Going Down–What’s Up With Slowing U.S. Population Growth?

Feeling down after all 2020 threw at us? Morale isn’t the only thing that’s down in our country. The national population growth has headed south as well. What’s up with this decline?

In addition to votes being counted in 2020, people were too. While the number of votes for a presidential candidate are only a concern every four years, ongoing tabs are kept on the U.S. population. And when I say ongoing, I mean daily. The estimated population of the good ole USA was 332,108,584 as of January 26, 2021. Baby born? Add one. COVID-19 death? Subtract one.

While a number is interesting, the direction the numbers are going is even more interesting–and concerning. The U.S. population (which is equivalent to 4.27% of the worlds’ population for you number nerds) grew only 7% between 2010 and 2020 according to a Census Bureau estimate. This is the slowest national population growth since the Great Depression. What depressing news!

Recent figures reveal sixteen states have lost population. These unfortunate members of the union, in no particular order, are California, Massachusetts (thank heaven for spellchecker!), Ohio, Michigan, New Jersey, Pennsylvania, Alaska, Hawaii, Connecticut (spellchecker to the rescue again!), Illinois, Louisiana, Mississippi (I knew how to spell that without spellchecker), New York, Rhode Island, Vermont, and West Virginia. The biggest drops in population between mid-2019 to mid-2020 were in New York and California.

So what’s the big deal if the population dips in a particular state? Well, it is a big deal to the remaining residents of the state. Their state may lose federal funds and federal representation due to the dwindling numbers. New York, for example, is expected to lose a seat in Congress and an electoral vote. (Ah, yes, it always comes back to politics.) Accordingly, those states enumerated above will not consider themselves in a “Sweet Sixteen” list.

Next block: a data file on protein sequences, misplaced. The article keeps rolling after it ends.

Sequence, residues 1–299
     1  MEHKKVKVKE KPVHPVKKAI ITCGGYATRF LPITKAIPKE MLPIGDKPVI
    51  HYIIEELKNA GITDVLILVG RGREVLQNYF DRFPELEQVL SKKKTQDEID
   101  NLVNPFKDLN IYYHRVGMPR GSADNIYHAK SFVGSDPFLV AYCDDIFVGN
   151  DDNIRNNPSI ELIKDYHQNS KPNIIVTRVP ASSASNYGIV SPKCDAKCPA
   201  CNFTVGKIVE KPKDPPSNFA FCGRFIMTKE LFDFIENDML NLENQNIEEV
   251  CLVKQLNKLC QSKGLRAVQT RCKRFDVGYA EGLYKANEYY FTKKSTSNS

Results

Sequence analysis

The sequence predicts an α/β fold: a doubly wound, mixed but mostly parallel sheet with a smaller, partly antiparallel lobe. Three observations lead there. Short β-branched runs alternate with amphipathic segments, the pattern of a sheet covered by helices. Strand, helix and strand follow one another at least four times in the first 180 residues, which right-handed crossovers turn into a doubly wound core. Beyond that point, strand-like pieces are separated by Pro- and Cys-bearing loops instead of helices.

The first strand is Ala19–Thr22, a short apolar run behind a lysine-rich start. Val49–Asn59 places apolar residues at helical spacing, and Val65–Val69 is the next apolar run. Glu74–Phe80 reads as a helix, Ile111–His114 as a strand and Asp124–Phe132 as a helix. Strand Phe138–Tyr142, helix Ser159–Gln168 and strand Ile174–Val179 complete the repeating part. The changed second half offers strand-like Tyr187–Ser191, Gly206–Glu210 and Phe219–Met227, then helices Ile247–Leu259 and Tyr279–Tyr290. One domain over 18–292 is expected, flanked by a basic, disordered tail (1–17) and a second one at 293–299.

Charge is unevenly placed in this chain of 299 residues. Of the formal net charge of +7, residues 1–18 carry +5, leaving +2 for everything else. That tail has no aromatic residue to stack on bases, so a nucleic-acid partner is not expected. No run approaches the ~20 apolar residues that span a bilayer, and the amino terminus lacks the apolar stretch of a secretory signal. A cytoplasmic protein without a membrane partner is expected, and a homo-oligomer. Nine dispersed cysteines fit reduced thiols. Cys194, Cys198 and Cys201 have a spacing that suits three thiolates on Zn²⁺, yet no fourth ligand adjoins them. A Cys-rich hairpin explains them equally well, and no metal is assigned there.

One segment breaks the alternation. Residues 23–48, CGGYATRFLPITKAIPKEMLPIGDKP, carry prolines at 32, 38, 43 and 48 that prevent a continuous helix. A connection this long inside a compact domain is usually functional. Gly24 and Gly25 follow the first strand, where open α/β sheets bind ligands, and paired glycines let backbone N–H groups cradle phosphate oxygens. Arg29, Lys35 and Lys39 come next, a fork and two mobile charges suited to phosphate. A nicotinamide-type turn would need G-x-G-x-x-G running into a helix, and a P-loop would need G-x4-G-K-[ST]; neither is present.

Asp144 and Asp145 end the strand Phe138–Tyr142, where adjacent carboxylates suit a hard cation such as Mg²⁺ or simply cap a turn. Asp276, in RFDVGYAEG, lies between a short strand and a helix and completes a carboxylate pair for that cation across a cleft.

The number of residents in a few states are down, but how do the bean counters arrive at the conclusion that national population growth has slowed? I don’t know if there’s an app for it (there seems to be one for everything else), but there is a mathematical formula to use to determine annual growth; these figures can be compared from year to year. Fortunately there is no “x” in the formula, so I can understand it. Births – deaths + net migration = population growth. In layman’s terms, I’d explain that calculation as coming – going + showing up.

One of the reasons for the decline in U.S. population growth is low birth rates. According to a CDC report, the number of babies born in this country hit the lowest level in three decades in 2019. Oh, baby! Additionally, there has been a five year downward trend in the birth rate. Things are so bleak that Americans are not populating the country at a rate that allows replacement of the current population.

The total fertility rate in the U.S. for 2019 was 1.7 children per women. (Calling King Solomon to determine how we get 0.7 of a child.) That rate is below the required replacement fertility rate of around 2.1. (Who has these 0.1 children???) In fact, the fertility rate has been below replacement since 1971. Birth rates are sinking to an all time low. Yikes! Are those of us living in the U.S. the next to be placed on the endangered list?